“The moment that happened was a turning point for me because I could say I’d achieved all of this in the firearms world – I was five years in firearms at that point.

“I’d been an Operational Firearms Commander, a Tactical Rifle Officer, an instructor, and I did that despite, or because of the fact I’m neurodivergent.”

Gav is part of Nottinghamshire Police’s Neurodiversity Working Group. It’s been running for three years.

“It’s chaired by Inspector Nick Wood, who comes from a dyslexia point of view,” Gav said.

“We’ve got Inspector Adam Pace, who comes from the managerial support side. I come from an autism point of view.

“We’re trying to find the best ways we can encourage neurodivergent members of staff to come forward, and provide them the necessary support.

“It’s not just neurodivergent individuals, or people who think they are, or who are going through that process who come to us. We’re getting line managers coming for some advice.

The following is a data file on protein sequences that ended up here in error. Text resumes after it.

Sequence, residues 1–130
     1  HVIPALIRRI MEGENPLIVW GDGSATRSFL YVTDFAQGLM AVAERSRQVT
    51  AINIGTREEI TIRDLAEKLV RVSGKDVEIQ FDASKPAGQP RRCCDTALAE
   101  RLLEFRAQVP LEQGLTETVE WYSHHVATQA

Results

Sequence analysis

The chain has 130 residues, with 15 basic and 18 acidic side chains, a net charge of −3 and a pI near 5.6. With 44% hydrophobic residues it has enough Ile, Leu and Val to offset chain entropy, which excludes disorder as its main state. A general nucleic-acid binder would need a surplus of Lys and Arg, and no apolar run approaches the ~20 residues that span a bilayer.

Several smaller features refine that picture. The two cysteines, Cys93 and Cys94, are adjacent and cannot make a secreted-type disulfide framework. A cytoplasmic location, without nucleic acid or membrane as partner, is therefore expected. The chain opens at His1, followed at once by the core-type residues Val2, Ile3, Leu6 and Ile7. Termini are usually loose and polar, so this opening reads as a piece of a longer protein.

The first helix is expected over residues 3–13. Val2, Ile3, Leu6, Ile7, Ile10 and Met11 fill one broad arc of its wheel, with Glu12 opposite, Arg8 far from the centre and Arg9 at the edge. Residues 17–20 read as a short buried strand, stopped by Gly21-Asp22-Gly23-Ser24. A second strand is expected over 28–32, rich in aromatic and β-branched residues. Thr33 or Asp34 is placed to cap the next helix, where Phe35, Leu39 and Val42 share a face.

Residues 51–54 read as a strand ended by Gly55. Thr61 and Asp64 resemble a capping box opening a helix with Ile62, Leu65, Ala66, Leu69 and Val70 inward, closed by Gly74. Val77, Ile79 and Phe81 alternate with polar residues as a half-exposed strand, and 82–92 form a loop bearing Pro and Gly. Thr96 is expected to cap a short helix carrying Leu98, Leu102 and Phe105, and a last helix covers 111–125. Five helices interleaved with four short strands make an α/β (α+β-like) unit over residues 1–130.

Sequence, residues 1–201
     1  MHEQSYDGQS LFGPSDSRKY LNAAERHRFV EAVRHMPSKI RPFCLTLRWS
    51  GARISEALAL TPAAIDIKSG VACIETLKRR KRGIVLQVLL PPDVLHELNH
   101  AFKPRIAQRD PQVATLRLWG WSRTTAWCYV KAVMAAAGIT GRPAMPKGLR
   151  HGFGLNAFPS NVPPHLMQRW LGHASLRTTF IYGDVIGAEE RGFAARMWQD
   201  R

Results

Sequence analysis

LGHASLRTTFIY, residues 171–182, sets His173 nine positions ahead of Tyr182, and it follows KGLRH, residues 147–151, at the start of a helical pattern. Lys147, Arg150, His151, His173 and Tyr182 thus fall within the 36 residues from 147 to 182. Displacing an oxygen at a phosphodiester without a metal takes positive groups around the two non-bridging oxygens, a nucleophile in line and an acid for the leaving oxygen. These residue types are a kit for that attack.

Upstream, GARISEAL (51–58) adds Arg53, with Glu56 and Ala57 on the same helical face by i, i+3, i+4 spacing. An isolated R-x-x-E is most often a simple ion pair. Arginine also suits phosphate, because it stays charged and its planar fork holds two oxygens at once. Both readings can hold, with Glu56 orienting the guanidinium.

“More people are open and willing to talk about it.

“We want to lead from the front and share those experiences that will break down people’s natural barriers.”

Gav said that more people in the Force were contacting the group for advice, and that it was trying to build a network of support for officers and staff.

“If I go to give a talk, afterwards I’ll have a flurry of emails, which is great,” he said.

“Our group’s concern is that we’re doing this on top of the day job and will have people reaching out to us on the verge of crisis or going through bad times.

“We’re trying to build those mechanisms to show that as a neurodiversity group we’re here to support you, to guide you through a diagnosis process and those sorts of things.

“And it’s then signposting to other services like wellbeing support, EAPs, so that we don’t hold it all. It’s joined up.”

He said that people could also turn to national groups – the National Police Autism Association, the ADHD Alliance, and the Police National Dyslexia Association.

“If people don’t want to talk in their own Force there are those national forums where they can get advice,” he said.